Eventually, when William and Miranda have a child of their own, William’s parenting style contrasts his father’s and more closely resembles that of Miranda’s father.

Parenting styles can also play into your character’s traits. Maybe they have a hard time being told no because they had Indulgent parents, or they might be a workaholic as an adult because they had an Authoritative parent who would punish them if they came home with so much as an A- on an exam instead of the coveted A+.

It’s important to note that the your character’s parent(s) used are not going to be the only thing influencing them. Others relatives, mentors, and peers can also play a role and thus factor into their development, but parents are often viewed as the start of it all.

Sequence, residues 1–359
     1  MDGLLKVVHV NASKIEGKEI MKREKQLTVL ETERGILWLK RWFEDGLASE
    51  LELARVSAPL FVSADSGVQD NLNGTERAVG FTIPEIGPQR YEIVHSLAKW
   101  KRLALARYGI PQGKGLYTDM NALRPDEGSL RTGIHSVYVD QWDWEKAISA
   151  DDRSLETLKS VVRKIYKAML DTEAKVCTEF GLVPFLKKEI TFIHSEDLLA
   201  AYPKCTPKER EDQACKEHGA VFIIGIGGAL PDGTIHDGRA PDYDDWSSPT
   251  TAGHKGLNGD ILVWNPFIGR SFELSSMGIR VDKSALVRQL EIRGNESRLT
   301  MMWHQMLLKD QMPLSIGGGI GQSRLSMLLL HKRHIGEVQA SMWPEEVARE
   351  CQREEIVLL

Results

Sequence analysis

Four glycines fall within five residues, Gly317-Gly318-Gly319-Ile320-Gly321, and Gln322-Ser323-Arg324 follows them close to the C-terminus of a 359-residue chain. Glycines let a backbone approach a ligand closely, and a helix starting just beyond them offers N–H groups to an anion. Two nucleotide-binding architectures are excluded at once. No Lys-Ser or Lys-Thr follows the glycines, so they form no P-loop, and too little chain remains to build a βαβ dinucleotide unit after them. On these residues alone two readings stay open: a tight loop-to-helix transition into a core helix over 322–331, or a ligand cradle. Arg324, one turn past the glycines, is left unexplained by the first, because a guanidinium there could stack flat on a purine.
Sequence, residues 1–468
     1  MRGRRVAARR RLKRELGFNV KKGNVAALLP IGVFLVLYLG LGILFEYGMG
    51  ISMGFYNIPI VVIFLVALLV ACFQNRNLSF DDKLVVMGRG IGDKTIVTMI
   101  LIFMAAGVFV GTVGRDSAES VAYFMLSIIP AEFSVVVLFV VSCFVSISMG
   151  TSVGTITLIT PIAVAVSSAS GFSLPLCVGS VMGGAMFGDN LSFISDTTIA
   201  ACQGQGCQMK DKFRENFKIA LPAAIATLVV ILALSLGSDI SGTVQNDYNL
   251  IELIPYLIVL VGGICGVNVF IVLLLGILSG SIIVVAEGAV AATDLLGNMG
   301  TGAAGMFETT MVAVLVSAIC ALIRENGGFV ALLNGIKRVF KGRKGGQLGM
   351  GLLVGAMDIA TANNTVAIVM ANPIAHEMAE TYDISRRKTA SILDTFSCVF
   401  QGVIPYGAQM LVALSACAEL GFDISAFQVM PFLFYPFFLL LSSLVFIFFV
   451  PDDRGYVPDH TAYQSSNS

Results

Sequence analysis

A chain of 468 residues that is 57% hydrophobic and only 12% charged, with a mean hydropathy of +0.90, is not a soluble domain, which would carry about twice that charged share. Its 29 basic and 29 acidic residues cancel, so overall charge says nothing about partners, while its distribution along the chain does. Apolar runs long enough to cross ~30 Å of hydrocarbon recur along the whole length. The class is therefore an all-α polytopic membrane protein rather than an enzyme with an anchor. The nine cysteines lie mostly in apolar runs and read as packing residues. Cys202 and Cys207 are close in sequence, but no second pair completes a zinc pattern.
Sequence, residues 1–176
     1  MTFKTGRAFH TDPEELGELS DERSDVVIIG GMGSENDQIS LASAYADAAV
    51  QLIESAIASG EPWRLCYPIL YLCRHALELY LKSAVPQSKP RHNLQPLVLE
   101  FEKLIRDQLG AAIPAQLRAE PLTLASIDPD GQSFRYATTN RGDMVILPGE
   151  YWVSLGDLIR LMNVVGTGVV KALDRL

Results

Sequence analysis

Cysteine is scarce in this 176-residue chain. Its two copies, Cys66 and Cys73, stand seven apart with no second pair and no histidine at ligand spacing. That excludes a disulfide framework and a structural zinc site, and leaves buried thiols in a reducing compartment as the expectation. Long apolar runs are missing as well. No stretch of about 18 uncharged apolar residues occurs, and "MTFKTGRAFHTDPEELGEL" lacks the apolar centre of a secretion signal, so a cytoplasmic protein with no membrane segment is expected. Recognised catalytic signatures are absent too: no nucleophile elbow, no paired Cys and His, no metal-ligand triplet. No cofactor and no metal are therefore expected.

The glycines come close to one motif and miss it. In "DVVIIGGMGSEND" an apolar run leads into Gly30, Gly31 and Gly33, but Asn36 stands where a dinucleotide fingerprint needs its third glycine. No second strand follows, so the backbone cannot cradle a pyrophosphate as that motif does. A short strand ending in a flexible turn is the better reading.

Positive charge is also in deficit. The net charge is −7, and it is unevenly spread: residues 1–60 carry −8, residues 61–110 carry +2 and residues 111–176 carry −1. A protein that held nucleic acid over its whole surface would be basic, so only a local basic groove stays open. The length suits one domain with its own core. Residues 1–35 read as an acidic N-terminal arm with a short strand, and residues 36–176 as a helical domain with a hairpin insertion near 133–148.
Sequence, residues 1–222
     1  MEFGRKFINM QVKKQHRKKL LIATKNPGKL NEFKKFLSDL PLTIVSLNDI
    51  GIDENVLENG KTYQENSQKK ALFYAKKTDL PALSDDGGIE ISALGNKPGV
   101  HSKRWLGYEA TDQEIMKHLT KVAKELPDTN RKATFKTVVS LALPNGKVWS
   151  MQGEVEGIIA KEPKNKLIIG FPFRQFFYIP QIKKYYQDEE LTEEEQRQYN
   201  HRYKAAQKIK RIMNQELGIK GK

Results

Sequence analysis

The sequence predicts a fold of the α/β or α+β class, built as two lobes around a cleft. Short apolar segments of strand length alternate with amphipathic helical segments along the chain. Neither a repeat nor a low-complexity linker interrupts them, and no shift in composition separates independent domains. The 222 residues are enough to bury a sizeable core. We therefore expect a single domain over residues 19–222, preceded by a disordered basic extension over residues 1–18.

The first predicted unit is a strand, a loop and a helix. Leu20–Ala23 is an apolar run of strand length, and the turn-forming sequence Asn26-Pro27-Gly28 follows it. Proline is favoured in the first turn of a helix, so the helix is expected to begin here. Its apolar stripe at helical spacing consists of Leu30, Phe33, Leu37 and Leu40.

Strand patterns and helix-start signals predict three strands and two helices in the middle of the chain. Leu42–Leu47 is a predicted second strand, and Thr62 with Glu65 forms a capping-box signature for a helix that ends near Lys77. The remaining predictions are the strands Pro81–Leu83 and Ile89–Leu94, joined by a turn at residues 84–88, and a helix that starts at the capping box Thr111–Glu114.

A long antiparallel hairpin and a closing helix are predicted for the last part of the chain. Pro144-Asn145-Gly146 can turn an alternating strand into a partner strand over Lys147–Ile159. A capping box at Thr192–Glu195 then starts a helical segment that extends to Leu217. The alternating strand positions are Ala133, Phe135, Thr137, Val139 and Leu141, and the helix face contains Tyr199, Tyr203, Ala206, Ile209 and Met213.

Remember, this post is designed to give a brief overview of these different parenting styles. I will be the first to admit my knowledge of this topic and pretty much all others within psychology is limited and vague.

That said, if your character’s parents are alive and in the picture, or if they are a parent themselves, taking a look at these different parenting styles into consideration can play a role in their actions.

I’ve also used essays I wrote while in college as inspiration and resources for my posts on Five Nights at Freddy’s creator Scott Cawthon and on the relationship between Jane Austen and Tom Lefroy, which you can view via those links.